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In praise of 50th high school reunions

It's been 50 years since first-wave Baby Boomers graduated from high school. Celebrating the milestone with old classmates is profound, deeply bonding, almost tribal.
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The author (far right) having a ball at his 50th.

It's been 50 years since first-wave Baby Boomers graduated from high school. Celebrating the milestone with old classmates is profound, deeply bonding, almost tribal.

At your 20th high-school reunion, you slow-danced with Sandy, a classmate who was always smiling, joking, full of fun. “Isn’t this great?" you recall her saying. “We’re 38 years old but tonight we’re 18 again. We have it both ways.”

But that was 30 years ago. Now it’s your 50th high-school reunion, and you ask Sandy to slow-dance again. She smiles and says: “Isn’t this great? We’re 68 years old but tonight we’re 18 again. We have it ALL ways … and always.”

You both laugh as an old song from the '60s plays. Other classmates join you on the dance floor. It’s the first night of a weekend-long class reunion. You’re having a fabulous time.

This year the first wave of the Baby Boomers, those born in 1946 who graduated from high school in 1964, had 50th class reunions. All over the nation, former seniors — now genuine “seniors” — gathered together to remember “the way we were.” For the next 18 years, Boomers will be reuniting at their 50ths. The last wave, born in '64, graduated in '82, will celebrate in 2032.

If they’re like us, they will squint at each others’ nametags, shriek with recognitions, hug each other warmly and then talk pretty much nonstop. Countless sentences will start with the words: “Remember when we….?” Classmates will drink, eat, dance, laugh, cry and ask how all those years went by so fast.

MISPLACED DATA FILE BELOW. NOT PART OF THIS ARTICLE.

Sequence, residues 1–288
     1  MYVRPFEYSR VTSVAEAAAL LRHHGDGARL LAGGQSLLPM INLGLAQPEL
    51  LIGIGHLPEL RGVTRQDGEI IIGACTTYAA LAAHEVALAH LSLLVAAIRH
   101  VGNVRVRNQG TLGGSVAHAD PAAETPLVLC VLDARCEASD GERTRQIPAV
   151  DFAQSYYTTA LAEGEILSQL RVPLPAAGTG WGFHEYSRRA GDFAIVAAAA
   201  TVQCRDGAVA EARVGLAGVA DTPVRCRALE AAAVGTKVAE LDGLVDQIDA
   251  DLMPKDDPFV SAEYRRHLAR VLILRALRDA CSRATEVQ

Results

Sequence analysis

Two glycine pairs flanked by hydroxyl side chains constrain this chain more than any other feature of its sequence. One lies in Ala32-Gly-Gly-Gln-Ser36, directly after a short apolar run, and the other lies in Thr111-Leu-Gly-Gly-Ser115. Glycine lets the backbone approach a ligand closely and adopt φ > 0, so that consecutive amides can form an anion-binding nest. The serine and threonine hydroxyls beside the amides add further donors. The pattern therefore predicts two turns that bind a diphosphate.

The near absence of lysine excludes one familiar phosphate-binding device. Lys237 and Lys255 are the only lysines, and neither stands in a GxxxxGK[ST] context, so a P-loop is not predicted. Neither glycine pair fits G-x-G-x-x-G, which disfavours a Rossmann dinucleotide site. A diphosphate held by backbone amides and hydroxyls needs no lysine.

As the saying goes: Inside every older person is a young person wondering, what the hell happened? Well, here’s what, for starters:

Jobs. Colleges. Romances. Marriages. Children. Grandchildren. Homes. Mortgages. Bills. Infidelities. Lies. Divorces. Wars. Deaths. Cancers. Surgeries. Drugs. Addictions. Recoveries. Triumphs. Failures. Promotions. Demotions. Bankruptcies. Startovers. Makeovers. Epiphanies. Confessions. Apologies. Acceptances. Retirements.

And at last, perhaps: Peace. Joy. Wisdom. Contentment.

At 10th and 20th reunions, many people are striving to impress. At the 30th and 40th, many are struggling to self-assess. At the 50th, it’s just time to profess: “Here’s who I am, for better or worse. Accept me, and I’ll do the same for you.” As one classmate put it: “There are no pretentious people here.” She was right.

You recall D.H. Lawrence’s phrase: “Look! We Have Come Through!” Having come of age in the '60s, that seems especially true. Granted, the Greatest Generation had it far worse, with the Depression and World War II. But we Boomers had our own challenges: the JFK, RFK and MLK assassinations, the Vietnam War, Kent State, the Chicago Democratic Convention, Civil Rights struggles, Women’s Liberation, the Sexual Revolution, the Summer of Love, Woodstock, Altamont and other tectonic changes, especially post-1964.